When Iraq overran Kuwait early last month, officials of Kuwait's giant state-owned oil company grabbed for their Christmas card lists.
The executives were in London, but the oil company's client records and contract files were at headquarters in Kuwait. A $12 billion-a-year enterprise and one of the world's biggest oil companies, it suddenly had no access to files showing who its customers were or what it was supposed to deliver to them.
"So they took out their Christmas card lists and telexed all those people," company spokesman Ole Bjerregaard said, "and asked them to report on their relations with the company. It worked quite well."
Kuwait Petroleum Corp., unlike the country that owns it, was back in business.
And KPC remains in business, buying crude oil, refining gasoline and selling it at its thousands of Q8 service stations in Europe and Asia, operating a tanker fleet and a California-based drilling subsidiary, and exploring for oil in many countries. The company is much smaller than before because it is no longer selling crude oil from Kuwait's rich fields, but much of the rest is intact.
Wall Street analysts confirmed company statements that the U.S. and British governments have softened their freeze of Kuwaiti assets to allow the oil company to carry out its international transactions. Banks have recognized KPC's management as the legitimate operator of the company, just as other nations have recognized Kuwait's government in exile as the legitimate authority of the state. They are honoring its checks and financing its transactions, according to analysts in New York and London.
Salomon Brothers Inc. analyst Bernard J. Picchi said that KPC controls more than enough assets to make it creditworthy and that there is no reason not to do business with the company. He and other experts said the ultimate issue of the company's ownership is irrelevant to its current day-to-day operations.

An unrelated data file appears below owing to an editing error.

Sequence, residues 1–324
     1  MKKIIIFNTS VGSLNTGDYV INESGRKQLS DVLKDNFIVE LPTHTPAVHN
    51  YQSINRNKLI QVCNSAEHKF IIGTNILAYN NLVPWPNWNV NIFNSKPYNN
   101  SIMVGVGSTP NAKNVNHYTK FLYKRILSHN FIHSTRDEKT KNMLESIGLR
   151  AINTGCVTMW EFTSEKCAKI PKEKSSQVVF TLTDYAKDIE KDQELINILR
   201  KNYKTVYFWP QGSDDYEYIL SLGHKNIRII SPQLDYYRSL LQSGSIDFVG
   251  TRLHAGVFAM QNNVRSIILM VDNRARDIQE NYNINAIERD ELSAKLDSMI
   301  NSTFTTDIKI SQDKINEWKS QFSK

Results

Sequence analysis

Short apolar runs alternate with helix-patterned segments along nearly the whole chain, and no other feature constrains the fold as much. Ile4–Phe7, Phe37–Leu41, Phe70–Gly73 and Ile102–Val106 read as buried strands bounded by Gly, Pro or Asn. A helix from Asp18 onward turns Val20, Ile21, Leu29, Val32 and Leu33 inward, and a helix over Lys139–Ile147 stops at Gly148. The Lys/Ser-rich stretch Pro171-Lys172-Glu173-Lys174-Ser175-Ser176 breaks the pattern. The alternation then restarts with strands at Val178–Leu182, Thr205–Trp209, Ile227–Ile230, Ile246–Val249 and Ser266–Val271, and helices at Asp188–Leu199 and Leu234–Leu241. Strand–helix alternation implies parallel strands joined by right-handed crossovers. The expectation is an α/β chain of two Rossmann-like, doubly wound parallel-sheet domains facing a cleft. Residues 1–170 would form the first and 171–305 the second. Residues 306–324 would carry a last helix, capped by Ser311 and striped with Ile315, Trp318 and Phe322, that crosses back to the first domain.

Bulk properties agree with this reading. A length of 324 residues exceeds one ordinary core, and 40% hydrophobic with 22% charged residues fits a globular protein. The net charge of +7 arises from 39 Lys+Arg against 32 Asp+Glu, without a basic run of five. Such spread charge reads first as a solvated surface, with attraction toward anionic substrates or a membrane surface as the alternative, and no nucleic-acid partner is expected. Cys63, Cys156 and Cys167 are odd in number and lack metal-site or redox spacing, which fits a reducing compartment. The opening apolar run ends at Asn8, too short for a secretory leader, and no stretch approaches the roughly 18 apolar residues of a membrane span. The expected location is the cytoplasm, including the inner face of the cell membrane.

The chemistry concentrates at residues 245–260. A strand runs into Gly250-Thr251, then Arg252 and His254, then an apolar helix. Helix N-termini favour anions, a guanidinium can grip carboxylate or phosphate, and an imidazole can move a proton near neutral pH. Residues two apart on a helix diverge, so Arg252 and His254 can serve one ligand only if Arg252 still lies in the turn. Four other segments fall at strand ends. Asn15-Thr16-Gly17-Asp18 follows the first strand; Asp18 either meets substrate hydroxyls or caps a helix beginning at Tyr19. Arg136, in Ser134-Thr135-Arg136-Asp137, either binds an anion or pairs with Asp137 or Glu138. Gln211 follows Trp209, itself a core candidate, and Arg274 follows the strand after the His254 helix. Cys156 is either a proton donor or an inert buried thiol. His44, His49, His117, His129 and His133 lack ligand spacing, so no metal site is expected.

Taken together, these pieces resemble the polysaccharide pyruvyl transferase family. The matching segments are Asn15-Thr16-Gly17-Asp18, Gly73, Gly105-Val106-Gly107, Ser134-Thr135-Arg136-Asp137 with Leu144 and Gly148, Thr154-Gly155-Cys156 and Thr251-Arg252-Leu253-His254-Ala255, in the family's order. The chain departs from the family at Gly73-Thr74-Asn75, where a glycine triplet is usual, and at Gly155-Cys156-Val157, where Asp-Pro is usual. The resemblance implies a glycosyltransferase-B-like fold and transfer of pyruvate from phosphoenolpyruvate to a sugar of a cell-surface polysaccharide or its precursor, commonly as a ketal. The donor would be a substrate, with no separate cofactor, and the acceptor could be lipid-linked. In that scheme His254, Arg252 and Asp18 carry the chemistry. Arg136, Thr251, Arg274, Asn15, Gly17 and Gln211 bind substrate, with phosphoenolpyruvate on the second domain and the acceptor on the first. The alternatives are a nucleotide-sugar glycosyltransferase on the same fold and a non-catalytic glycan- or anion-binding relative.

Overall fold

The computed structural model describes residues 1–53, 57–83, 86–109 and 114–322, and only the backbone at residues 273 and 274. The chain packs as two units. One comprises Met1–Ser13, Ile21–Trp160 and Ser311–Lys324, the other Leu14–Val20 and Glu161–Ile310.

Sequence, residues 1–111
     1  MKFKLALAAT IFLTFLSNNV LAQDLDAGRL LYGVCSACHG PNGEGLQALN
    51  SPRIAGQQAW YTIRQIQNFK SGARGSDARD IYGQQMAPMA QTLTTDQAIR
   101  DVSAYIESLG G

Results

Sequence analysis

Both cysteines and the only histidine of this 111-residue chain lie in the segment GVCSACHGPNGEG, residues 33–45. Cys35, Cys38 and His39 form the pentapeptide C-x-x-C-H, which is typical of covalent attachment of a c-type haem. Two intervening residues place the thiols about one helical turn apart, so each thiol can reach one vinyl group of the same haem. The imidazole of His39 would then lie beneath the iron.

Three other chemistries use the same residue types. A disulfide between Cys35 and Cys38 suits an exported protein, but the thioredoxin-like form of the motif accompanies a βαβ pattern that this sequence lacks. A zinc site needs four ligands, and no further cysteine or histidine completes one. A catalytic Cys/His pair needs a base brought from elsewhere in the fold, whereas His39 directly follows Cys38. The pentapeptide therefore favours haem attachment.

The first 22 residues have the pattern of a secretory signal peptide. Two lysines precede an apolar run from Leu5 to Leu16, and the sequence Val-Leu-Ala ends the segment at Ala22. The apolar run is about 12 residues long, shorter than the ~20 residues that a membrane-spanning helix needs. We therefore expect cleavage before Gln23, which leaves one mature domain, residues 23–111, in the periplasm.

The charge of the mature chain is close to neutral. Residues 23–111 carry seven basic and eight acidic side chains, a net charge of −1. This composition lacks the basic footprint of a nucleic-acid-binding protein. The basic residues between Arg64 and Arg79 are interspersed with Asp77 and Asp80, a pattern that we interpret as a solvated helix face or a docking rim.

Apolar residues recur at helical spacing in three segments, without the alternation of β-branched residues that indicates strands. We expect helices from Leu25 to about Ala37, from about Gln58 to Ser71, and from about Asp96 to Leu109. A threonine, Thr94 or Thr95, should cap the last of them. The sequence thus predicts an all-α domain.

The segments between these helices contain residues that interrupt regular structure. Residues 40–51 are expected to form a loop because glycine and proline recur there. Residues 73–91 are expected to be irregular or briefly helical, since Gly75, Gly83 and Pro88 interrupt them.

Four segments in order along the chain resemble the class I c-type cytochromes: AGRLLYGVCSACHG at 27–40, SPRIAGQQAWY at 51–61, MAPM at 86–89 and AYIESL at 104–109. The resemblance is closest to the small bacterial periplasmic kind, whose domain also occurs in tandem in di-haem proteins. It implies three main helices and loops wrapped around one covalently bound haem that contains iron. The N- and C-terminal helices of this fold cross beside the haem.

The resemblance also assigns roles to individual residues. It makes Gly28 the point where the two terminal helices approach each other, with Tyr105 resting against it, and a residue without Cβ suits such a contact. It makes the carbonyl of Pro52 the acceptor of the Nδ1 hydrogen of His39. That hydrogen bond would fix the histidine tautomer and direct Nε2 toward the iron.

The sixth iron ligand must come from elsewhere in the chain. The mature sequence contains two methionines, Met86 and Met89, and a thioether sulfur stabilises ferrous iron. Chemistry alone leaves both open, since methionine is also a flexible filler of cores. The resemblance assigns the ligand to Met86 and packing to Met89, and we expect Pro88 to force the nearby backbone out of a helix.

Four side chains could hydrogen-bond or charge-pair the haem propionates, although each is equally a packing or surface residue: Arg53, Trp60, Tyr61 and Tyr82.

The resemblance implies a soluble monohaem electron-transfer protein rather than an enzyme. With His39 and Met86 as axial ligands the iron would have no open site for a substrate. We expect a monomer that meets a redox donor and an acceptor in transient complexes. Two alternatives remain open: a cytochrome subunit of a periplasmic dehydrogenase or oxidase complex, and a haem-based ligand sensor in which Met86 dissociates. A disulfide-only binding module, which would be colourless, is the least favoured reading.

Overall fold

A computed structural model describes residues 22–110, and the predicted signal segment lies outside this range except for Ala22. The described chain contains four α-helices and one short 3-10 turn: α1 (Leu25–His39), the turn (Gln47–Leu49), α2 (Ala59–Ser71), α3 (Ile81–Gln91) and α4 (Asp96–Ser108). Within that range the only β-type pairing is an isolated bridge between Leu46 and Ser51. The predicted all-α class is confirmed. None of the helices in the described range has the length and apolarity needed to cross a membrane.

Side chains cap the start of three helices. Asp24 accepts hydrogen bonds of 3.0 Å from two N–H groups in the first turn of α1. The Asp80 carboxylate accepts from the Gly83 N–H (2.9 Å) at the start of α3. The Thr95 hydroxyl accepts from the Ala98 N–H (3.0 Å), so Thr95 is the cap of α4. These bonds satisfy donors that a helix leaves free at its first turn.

"Who owns the company? Is it Kuwait's government in exile? The government of Iraq? Is it the ruling family? Is it the incumbent management? It doesn't make any difference. Let the courts sort it out later," a New York oil expert said. "Right now, it's like any company that's being run in a trust, just carrying on normal business."
According to a KPC statement, the company and its subsidiaries "are the property of the state of Kuwait, whose legitimate government is now outside the country but is in regular contact with these companies."
Rashid Salem Umairi, KPC's chairman and oil minister, was trapped in Kuwait at the time of the invasion, but Nader Sultan, president of its major operating subsidiary, and eight of the 10 directors either were outside Kuwait or escaped later. They are now based in London, reshaping KPC to its new profile as an international company known in industry parlance as "crude short" -- that is, lacking enough crude oil to supply its refineries and forced to shop for it on the world market.
The existence of Kuwait Petroleum Corp. is a reflection of the changes that have swept the world oil market in the past 15 years.